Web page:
The unfortunate part of the last paragraph is its relation to this paragraph. You don’t get paid all that much for the amount of effort you put in, but the stuff you have to do to get ahead costs a lot. Good recordings cost money. I hate hearing a really good band with a half-assed recording. You’ll get farther with one FANTASTIC single than with a full-length album of “Ehh.” If you wanna use the “Ehh” to raise fund for the “WOW” to come later, fine, but don’t expect your “bargain” recording to be as good as the one from the producer with award-winning albums under his belt (I say “his” because I have yet to run across a female hard rock producer… if you know of one—lemme know). In addition to recordings (which are absolutely necessary to advance), you also should have good, functioning equipment and transportation for that. Band vans and trailers are expensive. Amps, guitars, and repairs thereto are also expensive… but you need these things. If you buy a crappy van, it will break down a lot. If you buy a crappy guitar, it will sound crappy. Investing in a good thing instead of hunting for something cheap is worth the delayed gratification necessary to save up for the good thing. Trust me on this. There’s also the matter of well-designed materials, good video, good promo photos, and all that other mess. Make friends with talented people and barter, if you can. Otherwise, save your pretty pennies instead of impulsively buying crappy stop-gap things. Also: ALL your bandmates should be contributing to this—if not with cold, hard cash of their own money, then with some promotional/sales/fundraising sweat-equity that will help BRING IN more money. Either way—it’s not one bandmate’s job to fund the entire band’s projects, and a $5,000 tab for cutting a good record is much more manageable (and fair) in four $1,250 per-person chunks than it is for one person to have to plop down all of that cash. Don’t want to plop down cash or put in effort to fund your band? Find another hobby. You are never going to get anywhere in music without a lot of money or a lot of effort (ideally both).


You will not always get your way. You have to be willing to compromise or you will be a chronic band-hopper. Like romantic relationships, communication is key to successful band relationships. Especially communication about expectations and goals. If you’re not on board with a band’s projected goals, don’t audition. When you ARE in a band, make it clear what you expect to accomplish, and all of you sit down and figure out how best to meet everyone’s goals. If you don’t like the way somebody treats you, say something. Talk about things. Yell about them, if you must (as respectfully as possible—it’s okay to be passionate; just don’t be a dickbag about it). Don’t just run off and quit in a huff. Not only does it make you look like a high school drama queen, it also shoots your own productivity in the foot. If you quit, you just have to start all over again, and if you continue to be disrespectful to your bandmates because they can’t read your mind (or because you’re just an inflammatory dickbag), you will continue to start bands over and over again and get absolutely nowhere. You will disagree with every person you’re ever in a band with; trust me. What sets apart the chronic quitters from the reliables is the ability to communicate and resolve conflicts between band members respectfully. That’s a skill worth having in a band and in any relationship, really.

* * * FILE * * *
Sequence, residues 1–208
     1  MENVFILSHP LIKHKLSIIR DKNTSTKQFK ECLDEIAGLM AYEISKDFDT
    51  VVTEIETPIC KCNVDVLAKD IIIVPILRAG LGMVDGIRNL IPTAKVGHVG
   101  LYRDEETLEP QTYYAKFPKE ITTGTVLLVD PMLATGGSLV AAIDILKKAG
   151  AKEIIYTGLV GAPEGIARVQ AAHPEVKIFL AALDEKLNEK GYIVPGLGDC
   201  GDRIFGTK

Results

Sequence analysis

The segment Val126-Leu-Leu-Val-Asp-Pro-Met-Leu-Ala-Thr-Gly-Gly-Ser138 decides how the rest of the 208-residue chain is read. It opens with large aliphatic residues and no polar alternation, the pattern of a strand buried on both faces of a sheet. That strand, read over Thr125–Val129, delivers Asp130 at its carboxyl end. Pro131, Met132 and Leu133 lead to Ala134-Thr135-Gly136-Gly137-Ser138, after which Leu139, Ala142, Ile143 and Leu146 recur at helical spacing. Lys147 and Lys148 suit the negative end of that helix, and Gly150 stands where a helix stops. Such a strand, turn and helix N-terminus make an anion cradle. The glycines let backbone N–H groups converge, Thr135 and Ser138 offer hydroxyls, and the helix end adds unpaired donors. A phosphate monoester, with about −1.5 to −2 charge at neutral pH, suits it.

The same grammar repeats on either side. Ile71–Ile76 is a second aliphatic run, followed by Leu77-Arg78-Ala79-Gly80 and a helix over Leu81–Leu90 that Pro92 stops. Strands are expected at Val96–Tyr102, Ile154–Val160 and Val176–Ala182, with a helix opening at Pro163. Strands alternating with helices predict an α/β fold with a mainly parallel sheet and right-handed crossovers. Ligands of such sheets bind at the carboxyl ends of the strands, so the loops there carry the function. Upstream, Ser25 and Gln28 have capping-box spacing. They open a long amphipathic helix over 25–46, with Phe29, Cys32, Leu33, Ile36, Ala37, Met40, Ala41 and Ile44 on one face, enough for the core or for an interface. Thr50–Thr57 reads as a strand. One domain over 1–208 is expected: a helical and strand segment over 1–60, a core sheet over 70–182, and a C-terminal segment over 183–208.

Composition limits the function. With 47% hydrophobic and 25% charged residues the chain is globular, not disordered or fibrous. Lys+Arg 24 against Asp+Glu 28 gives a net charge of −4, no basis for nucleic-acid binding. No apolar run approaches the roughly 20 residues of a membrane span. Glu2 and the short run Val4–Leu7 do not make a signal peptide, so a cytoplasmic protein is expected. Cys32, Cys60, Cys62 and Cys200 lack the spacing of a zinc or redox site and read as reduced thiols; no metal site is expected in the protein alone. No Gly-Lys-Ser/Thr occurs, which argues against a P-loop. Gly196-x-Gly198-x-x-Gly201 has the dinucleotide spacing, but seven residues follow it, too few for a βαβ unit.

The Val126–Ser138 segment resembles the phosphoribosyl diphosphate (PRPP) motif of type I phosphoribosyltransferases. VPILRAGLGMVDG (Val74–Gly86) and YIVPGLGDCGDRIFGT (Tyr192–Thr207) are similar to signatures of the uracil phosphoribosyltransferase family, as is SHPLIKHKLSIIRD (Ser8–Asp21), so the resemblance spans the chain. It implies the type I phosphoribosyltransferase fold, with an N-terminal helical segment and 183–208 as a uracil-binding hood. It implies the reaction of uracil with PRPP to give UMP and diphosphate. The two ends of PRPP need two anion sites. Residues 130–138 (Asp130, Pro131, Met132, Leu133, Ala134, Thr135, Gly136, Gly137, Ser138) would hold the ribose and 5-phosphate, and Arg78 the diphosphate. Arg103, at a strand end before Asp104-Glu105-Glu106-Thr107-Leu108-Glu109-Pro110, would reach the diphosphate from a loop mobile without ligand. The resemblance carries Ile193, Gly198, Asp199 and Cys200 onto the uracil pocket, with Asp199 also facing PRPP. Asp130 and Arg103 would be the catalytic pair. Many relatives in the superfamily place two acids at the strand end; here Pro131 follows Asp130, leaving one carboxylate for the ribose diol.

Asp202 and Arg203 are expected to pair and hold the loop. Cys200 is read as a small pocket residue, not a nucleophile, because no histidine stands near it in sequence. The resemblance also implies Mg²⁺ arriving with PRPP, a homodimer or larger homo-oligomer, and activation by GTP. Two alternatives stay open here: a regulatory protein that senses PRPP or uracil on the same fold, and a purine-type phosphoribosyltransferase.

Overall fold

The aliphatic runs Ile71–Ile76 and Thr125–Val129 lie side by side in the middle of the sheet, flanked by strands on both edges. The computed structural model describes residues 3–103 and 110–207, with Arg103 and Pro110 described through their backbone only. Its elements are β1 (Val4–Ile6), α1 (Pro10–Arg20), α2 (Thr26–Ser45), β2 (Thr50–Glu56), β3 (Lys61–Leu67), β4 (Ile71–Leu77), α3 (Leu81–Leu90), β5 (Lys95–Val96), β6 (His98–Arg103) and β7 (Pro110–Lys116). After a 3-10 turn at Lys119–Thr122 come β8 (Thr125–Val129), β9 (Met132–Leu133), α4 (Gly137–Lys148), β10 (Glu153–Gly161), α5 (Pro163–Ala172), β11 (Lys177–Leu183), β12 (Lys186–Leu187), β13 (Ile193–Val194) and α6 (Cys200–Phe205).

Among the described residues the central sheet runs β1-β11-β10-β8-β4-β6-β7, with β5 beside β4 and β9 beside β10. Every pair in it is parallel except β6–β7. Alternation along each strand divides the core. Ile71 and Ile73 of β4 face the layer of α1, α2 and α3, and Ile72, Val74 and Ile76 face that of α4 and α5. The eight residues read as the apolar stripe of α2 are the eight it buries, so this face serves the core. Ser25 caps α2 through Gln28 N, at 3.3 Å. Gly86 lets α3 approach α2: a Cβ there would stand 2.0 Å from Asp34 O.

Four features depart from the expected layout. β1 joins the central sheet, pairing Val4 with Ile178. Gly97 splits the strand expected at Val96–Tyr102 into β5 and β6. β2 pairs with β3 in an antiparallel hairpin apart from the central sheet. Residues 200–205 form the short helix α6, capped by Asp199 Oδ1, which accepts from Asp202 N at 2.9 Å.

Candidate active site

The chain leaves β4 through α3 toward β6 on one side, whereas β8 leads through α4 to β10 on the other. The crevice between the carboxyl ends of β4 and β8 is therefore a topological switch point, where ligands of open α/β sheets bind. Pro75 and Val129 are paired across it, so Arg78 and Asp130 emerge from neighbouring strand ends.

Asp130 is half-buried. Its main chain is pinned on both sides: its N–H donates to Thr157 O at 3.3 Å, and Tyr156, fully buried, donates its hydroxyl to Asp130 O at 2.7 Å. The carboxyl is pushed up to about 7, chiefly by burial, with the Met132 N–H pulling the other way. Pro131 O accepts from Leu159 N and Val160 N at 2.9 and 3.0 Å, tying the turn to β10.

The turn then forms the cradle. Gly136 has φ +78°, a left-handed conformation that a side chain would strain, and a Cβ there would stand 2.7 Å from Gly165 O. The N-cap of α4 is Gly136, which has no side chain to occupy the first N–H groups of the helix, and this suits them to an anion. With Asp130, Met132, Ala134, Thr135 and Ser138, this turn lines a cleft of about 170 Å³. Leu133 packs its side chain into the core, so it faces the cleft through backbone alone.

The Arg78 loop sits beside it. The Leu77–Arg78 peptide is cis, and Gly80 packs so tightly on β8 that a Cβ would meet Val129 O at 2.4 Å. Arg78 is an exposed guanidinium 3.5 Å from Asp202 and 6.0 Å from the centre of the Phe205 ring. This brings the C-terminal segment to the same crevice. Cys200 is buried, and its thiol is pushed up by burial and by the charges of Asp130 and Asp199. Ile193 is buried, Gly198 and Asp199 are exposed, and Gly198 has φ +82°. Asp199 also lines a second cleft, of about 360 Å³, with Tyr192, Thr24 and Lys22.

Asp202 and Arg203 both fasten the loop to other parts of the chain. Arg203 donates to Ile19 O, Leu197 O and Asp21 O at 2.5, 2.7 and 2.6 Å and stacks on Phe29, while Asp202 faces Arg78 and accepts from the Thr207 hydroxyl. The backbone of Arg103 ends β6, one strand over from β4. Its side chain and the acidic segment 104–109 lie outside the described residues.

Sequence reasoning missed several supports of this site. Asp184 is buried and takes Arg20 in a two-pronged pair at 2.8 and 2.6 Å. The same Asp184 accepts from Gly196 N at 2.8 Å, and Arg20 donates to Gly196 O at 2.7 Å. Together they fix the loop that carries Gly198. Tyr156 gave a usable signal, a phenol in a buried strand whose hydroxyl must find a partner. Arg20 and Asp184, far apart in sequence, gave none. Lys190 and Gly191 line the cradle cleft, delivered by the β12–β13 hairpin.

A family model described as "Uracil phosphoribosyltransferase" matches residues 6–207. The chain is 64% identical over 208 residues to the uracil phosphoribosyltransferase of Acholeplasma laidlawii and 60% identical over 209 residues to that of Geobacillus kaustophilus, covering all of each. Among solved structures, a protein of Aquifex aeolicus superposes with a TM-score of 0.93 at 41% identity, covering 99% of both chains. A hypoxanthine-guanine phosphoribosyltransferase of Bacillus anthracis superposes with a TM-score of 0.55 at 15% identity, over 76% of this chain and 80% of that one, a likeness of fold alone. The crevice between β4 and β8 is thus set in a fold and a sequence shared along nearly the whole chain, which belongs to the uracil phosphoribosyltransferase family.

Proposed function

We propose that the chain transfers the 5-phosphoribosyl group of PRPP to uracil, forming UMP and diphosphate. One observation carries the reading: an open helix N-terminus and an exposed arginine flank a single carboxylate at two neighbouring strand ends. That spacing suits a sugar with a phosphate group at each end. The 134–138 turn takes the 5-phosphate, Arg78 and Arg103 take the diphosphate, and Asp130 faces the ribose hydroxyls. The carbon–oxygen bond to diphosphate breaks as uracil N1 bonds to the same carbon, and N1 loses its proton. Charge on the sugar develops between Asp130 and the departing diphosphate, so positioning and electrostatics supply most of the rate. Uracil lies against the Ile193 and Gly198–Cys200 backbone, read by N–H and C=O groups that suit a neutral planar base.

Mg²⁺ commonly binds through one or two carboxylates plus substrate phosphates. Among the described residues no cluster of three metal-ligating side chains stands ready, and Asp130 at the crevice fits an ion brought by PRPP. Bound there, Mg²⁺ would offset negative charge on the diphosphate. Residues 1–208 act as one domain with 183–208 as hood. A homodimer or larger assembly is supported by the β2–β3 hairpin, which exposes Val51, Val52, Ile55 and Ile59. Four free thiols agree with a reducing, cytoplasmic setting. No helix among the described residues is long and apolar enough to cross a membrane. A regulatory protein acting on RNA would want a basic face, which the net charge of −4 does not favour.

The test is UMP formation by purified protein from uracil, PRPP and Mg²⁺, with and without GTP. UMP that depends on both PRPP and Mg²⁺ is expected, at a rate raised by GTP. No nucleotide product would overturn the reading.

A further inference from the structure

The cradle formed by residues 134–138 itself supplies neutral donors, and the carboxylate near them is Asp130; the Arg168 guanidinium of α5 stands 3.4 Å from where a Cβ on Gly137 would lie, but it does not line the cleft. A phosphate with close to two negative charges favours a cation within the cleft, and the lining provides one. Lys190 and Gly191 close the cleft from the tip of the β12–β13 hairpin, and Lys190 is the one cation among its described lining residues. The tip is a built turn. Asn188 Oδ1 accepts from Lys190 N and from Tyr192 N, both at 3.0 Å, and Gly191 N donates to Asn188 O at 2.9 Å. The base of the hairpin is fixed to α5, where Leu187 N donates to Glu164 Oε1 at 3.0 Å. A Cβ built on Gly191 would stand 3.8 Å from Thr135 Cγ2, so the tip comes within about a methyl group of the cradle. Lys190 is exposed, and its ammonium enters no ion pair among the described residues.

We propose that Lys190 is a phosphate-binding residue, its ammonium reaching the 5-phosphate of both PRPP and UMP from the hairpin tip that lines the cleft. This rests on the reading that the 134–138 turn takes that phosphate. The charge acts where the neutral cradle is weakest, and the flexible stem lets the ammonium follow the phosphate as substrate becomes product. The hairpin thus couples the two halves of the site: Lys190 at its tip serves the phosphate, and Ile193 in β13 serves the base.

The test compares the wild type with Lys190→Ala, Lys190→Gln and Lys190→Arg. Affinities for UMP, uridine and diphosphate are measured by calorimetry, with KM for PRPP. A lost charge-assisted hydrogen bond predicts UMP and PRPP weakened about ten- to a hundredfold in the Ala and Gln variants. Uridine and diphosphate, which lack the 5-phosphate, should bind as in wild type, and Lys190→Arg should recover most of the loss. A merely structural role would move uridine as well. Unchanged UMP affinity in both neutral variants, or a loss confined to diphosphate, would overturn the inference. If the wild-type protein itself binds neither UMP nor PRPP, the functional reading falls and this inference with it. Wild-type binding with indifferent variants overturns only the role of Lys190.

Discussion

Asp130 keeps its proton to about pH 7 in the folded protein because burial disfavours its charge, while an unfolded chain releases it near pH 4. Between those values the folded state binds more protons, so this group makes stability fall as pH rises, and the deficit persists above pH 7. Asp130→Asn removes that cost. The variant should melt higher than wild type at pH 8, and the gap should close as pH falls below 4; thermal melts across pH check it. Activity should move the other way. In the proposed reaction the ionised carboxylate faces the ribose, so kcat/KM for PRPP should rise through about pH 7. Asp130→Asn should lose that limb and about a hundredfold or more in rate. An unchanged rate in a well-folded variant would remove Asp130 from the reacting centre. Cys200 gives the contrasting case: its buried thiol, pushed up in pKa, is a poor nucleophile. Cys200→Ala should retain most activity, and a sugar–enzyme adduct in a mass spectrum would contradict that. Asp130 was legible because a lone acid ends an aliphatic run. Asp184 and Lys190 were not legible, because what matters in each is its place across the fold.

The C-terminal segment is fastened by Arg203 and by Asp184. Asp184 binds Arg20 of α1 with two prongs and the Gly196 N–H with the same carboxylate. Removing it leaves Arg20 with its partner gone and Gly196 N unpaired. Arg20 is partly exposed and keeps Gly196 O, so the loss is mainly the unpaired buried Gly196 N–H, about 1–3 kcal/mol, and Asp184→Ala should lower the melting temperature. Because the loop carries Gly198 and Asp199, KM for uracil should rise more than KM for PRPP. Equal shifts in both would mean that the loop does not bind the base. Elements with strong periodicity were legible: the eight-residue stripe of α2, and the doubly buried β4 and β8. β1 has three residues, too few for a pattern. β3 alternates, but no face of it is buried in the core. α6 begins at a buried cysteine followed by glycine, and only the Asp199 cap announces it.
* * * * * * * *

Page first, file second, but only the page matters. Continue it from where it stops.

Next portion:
^^^These are the facts you have to face to do something with your band. If you’re content to play the little venues and take up the table scraps from larger bands, then this stuff probably doesn’t apply to you. If you want to get somewhere, though, you will have to adjust to the metric crap-ton of inconveniences that come along with being in a band. There’s my piece.